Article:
Monday, November 03, 2008

48 Records of the Year for some goddam reason

...Well, for quiz show purposes, actually. Warning: boring. Also warning: I don't listen to much popular music, so probably don't know what I'm talking about.

Rehab, Amy Winehouse. Never heard it. Only know her horror-show drug-addiction life via paparazzi. Don't know any of the nominees, either.

Not Ready to Make Nice, Dixie Chicks. Never heard it. But I did like their 2000 cover of "Goodbye Earl," with amusing video by Dennis Franz.

Boulevard of Broken Dreams, Green Day. I love Green Day a lot and I love American Idiot, but this song is nowhere near the best of the album. Title song, "Holiday," or "Jesus of Suburbia" should have won. I have no interest whatever in the talentless nominees from this year, except maybe Kanye West, who is slightly amusing.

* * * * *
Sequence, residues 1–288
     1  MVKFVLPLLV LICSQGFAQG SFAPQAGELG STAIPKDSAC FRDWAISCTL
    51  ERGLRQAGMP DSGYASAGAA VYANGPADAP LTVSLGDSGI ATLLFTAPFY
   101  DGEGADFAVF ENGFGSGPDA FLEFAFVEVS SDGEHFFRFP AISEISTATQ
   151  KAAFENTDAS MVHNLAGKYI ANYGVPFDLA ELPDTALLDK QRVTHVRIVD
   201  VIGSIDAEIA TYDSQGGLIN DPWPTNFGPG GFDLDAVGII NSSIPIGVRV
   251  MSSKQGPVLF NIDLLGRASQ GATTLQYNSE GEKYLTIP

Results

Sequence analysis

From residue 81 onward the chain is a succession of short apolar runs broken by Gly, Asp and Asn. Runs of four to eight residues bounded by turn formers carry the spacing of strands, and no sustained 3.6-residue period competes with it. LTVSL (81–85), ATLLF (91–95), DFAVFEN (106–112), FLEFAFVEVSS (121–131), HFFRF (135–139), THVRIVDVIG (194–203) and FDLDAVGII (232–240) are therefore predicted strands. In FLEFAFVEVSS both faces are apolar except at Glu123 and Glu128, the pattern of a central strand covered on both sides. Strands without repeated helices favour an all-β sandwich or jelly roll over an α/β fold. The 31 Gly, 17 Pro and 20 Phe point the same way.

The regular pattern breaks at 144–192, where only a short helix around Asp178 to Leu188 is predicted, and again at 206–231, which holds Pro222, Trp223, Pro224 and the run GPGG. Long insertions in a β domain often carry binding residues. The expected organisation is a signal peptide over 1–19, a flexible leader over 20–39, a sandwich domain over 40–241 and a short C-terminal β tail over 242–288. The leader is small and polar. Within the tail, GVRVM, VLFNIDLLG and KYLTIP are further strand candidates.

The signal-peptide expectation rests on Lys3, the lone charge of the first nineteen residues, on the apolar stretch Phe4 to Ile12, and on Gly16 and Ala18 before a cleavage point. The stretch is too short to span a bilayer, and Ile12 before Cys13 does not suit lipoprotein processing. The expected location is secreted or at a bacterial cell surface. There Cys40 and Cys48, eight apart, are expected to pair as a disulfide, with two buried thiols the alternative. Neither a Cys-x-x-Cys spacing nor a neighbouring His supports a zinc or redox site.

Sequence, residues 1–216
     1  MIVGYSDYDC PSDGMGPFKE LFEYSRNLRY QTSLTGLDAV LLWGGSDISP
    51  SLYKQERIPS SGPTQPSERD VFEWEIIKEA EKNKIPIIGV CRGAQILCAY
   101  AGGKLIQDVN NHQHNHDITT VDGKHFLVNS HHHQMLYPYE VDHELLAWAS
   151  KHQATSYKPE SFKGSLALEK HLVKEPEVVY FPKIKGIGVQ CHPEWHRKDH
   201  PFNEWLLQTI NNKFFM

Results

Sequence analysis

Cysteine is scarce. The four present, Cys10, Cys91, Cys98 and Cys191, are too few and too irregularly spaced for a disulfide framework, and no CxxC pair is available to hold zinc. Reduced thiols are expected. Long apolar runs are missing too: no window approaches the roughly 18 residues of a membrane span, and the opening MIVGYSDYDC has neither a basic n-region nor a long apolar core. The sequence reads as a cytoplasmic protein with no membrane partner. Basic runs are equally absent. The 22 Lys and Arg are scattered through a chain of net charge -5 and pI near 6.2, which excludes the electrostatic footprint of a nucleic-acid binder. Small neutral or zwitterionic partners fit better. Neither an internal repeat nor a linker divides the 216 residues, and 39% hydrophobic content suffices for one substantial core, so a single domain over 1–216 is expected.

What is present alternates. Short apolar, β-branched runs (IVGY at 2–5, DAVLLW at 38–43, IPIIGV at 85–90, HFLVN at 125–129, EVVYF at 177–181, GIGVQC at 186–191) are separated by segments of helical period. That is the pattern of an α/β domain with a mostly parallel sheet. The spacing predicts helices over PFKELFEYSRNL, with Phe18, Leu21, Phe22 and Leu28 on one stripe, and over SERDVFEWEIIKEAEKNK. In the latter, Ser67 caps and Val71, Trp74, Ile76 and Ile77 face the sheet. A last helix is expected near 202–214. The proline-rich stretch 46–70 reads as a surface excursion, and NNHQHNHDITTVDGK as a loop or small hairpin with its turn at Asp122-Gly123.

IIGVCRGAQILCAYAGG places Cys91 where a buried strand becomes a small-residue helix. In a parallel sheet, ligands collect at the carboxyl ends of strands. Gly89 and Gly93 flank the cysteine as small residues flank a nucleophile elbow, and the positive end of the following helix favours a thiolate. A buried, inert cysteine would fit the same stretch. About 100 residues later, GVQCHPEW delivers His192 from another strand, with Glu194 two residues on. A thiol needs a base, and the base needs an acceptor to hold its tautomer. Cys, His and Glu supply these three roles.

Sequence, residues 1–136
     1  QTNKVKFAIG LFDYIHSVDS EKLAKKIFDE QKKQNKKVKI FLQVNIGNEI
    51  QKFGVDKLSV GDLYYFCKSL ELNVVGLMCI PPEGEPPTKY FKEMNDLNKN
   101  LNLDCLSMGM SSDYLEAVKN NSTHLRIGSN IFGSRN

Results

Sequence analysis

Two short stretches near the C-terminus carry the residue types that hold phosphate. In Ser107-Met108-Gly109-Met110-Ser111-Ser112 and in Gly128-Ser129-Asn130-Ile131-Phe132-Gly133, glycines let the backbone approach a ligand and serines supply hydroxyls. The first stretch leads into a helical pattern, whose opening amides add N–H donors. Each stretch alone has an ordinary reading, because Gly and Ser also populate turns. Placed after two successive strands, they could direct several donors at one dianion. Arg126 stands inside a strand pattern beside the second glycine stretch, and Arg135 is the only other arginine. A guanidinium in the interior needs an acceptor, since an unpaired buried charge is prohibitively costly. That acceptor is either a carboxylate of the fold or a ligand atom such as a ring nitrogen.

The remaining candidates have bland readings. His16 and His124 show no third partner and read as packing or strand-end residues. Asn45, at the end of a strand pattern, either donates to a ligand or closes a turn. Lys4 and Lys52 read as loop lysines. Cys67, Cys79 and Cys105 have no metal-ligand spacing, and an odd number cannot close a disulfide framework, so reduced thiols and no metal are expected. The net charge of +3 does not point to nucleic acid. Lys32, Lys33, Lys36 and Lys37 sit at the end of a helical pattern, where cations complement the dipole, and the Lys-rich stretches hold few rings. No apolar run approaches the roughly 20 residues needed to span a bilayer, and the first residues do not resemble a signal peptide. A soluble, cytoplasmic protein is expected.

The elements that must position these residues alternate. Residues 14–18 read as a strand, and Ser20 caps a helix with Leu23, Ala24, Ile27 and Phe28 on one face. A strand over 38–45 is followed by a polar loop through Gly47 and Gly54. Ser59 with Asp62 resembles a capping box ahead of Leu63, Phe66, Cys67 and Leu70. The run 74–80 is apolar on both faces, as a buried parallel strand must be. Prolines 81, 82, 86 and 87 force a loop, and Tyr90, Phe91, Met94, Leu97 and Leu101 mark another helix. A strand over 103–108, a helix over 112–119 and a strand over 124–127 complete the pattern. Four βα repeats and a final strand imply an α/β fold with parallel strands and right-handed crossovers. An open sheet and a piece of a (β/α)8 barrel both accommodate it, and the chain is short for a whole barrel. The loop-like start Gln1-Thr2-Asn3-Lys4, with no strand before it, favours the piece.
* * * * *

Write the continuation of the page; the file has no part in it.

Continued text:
Here We Go Again, Ray Charles and Norah Jones. Never heard it. Oddly, "American Idiot" was nominated for Record of the Year this year.

Clocks, Coldplay. Not familiar with it. I found their 2000 hit "Yellow" to be quite the snoozer. Favorite nominee this year: Outkast's "Hey Ya!"

Don't Know Why, Norah Jones. Never heard it. Not familiar with her work. Favorite nominee: "Without Me," Eminem.

Walk On, U2. Meh. Not bad. Not world-shaking either.

Beautiful Day, U2. A pretty good U2 song. Better than the other nominees, I suppose.

Smooth, Santana featuring Rob Thomas. This was a nice song, but the win was probably one of those Long-Overdue Recognition Of a Master type things. I preferred this year's idiotic but fun "Livin' La Vida Loca."

My Heart Will Go On, Celine Dion. This needs to be expunged from history. Seriously, anything but.

Sunny Came Home, Shawn Colvin. It's okay; Colvin is an inoffensive but far from fabulous performer. Much more memorable: this year's "Mmmbop," by Hanson.